The decision to ban a young male student from school because of his haircut has divided a West Australian community, sparking calls for the education system to ditch its “alienating rules.”
On Thursday, it came to light that a student at John Paul College in Kalgoorlie had been barred for four consecutive weeks after the school deemed his hairstyle “inappropriate”.
The boy’s mother, Petrina Wilson, told the Kalgoorlie Miner that her son’s mullet and shaved head, which was a result of football celebrations, breached the school’s uniform and personal appearance expectations policy.
As a result, he was barred from entering the school for a month.
“My son is being victimised and treated like he is a bad person,” Mrs Wilson told the Kalgoorlie Miner.
Supporters for both the boy and the school flocked to the comments section on Facebook to defend their own beliefs, with many criticising Mrs Wilson for allowing her son to keep the look.
“You sign the dress code when your kid starts at the school so you should abide by it. If you don’t agree then don’t sign and send your kid to another school. Simple as that,” one woman wrote.
“Society has rules we all follow. Don’t set your kids up to fail,” said another.
“Teachers have a hard enough day without having to deal with this. Surely his education is more important than taking a stand on this insignificant issue,” another supporter of the school’s decision said.
On the opposing side, others questioned how much of an impact a simple hairstyle could really have on a learning environment and whether the punishment was justified.
“What’s hair got too do with learning,” one woman asked, “it’s the brain that observes the education, not the hair.”
A hairdresser shared the story, alerting parents to the “personal vendetta, segregation and discrimination”.
“Is this really about a child’s haircut?” they wrote.
“Be aware parents! This is not okay!”
But this is not the first time a male student has been punished for the way he expresses himself through his hair.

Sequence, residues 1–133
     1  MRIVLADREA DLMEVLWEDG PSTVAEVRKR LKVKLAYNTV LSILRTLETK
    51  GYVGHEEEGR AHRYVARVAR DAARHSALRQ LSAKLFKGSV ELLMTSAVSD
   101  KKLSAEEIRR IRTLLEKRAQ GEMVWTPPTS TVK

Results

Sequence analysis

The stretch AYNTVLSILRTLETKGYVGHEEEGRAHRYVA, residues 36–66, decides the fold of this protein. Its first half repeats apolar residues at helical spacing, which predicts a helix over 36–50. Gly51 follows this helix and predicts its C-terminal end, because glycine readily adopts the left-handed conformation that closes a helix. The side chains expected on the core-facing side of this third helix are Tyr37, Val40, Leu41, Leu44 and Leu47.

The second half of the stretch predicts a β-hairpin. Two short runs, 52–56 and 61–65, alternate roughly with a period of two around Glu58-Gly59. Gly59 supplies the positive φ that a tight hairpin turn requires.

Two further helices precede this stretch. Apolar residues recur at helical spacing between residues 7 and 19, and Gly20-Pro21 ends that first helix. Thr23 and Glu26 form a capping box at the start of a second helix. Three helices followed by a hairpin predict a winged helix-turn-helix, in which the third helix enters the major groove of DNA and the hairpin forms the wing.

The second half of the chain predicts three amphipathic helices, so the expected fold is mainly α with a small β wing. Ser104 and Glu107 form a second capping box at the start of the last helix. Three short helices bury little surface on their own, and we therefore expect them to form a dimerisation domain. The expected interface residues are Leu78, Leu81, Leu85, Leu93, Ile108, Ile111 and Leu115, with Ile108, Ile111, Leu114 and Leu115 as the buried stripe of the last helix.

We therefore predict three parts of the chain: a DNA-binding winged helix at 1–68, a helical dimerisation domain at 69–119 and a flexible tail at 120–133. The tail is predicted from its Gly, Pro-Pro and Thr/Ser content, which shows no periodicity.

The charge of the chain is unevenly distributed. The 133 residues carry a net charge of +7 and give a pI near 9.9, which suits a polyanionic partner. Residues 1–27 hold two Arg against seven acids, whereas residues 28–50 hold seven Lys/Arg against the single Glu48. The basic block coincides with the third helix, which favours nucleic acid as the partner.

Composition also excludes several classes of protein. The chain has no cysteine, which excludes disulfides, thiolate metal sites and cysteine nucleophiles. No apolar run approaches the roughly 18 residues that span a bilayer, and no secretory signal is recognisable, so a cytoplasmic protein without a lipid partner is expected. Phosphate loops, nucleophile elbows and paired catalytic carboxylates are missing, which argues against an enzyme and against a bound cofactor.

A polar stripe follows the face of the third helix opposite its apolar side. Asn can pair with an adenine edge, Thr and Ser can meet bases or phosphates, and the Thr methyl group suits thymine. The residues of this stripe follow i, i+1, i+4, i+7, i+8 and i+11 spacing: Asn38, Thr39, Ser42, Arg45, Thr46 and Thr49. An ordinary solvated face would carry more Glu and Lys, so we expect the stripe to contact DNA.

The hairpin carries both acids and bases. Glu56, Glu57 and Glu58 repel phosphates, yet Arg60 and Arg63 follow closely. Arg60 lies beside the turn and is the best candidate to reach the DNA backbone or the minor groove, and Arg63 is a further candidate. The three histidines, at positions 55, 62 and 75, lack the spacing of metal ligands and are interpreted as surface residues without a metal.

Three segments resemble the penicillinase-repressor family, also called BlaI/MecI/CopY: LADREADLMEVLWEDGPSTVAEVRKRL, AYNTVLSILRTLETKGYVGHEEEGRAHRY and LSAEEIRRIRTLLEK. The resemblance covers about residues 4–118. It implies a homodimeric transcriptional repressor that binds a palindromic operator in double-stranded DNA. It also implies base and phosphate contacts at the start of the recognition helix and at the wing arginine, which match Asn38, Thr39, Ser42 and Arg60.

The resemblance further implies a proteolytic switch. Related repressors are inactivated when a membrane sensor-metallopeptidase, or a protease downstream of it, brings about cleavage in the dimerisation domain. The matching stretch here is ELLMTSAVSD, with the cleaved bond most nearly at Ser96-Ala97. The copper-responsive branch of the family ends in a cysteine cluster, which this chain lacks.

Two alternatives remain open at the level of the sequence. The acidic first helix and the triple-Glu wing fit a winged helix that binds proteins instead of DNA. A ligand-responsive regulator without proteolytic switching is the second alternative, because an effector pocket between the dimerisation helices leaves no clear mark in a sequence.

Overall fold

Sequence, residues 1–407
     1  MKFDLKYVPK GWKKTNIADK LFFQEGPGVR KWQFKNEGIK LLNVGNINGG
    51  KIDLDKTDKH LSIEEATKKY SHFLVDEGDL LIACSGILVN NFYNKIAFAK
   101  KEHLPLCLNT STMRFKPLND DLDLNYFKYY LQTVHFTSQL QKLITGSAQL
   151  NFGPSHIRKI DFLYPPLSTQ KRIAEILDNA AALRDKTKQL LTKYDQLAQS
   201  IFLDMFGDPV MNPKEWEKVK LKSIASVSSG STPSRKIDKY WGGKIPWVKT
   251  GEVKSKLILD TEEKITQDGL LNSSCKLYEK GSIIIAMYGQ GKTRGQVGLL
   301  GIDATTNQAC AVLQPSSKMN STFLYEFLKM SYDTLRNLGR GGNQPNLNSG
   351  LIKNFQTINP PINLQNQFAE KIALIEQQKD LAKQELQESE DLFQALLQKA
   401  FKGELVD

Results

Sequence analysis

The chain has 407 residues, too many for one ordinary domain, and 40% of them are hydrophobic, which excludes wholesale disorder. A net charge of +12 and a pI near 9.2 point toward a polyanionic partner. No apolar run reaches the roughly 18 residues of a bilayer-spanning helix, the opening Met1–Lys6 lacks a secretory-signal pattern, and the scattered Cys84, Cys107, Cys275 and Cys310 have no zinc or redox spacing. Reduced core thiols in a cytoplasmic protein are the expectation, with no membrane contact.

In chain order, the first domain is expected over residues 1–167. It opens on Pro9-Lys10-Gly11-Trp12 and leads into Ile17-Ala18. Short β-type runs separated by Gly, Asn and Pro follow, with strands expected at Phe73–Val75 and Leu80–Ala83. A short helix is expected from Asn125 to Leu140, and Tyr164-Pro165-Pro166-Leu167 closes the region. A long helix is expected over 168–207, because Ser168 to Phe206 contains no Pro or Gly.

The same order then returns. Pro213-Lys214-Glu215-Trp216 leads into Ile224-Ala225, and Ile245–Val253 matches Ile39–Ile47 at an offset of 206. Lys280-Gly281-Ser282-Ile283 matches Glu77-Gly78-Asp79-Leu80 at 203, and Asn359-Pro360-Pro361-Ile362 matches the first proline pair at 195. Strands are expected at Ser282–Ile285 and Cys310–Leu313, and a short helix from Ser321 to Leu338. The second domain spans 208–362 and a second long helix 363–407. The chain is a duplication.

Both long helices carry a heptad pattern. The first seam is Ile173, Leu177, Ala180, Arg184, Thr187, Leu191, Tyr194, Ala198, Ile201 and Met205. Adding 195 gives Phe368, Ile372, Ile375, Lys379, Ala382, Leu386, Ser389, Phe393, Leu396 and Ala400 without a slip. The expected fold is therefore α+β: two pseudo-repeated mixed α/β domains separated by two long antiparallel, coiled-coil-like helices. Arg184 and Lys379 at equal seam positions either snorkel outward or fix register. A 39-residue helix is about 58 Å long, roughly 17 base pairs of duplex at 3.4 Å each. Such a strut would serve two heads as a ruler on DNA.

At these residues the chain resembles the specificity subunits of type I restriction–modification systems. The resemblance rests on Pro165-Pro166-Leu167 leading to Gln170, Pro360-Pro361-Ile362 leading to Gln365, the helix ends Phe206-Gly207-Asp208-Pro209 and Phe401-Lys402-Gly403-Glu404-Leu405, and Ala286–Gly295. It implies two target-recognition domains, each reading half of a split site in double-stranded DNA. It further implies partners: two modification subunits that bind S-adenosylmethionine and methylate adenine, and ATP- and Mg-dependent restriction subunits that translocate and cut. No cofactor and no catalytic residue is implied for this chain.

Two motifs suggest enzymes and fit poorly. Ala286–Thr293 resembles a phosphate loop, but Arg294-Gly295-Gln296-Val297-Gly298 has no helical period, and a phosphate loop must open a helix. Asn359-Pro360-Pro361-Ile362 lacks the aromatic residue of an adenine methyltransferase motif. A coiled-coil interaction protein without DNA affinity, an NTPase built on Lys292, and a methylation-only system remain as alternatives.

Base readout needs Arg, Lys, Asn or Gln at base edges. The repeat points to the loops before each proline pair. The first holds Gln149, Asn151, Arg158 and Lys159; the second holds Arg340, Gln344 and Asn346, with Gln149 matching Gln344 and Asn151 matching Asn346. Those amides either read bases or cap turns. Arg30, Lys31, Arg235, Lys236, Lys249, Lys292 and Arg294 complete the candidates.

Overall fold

In February, mullet-sporting students were given an ultimatum at St Patrick’s College in Ballarat, told they could get a hair cut or go home until they did.
Parents were disappointed with the school’s attitude around the hairstyles, speculating it was based on the image of the institution itself rather than the individual students.
Despite this, the mullet has made a rapid comeback in recent years, with boys and men of all ages partaking in the long back and short sides trend.
A rise in popularity for the mullet, the hairstyle born and loved in the ’80s, can be credited to some influential sporting characters across the country, inspiring young men to recreate the looks themselves.
AFL stars Bailey Smith and Jack Sinclair have almost made their mullets part of their branding, with thousands of fans wanting to be just like them.
Smith has gained an extraordinary social media following of more than 350,000.
The late cricket legend Shane Warne sported a mullet during his first Australian Test match in 1992.
Shane’s son Jackson Warne has also rocked a mullet like his father.
And the trend doesn’t stop at sporting legends, with the country’s most influential politician showing off his locks as part of a Young Labor conference in 1986.
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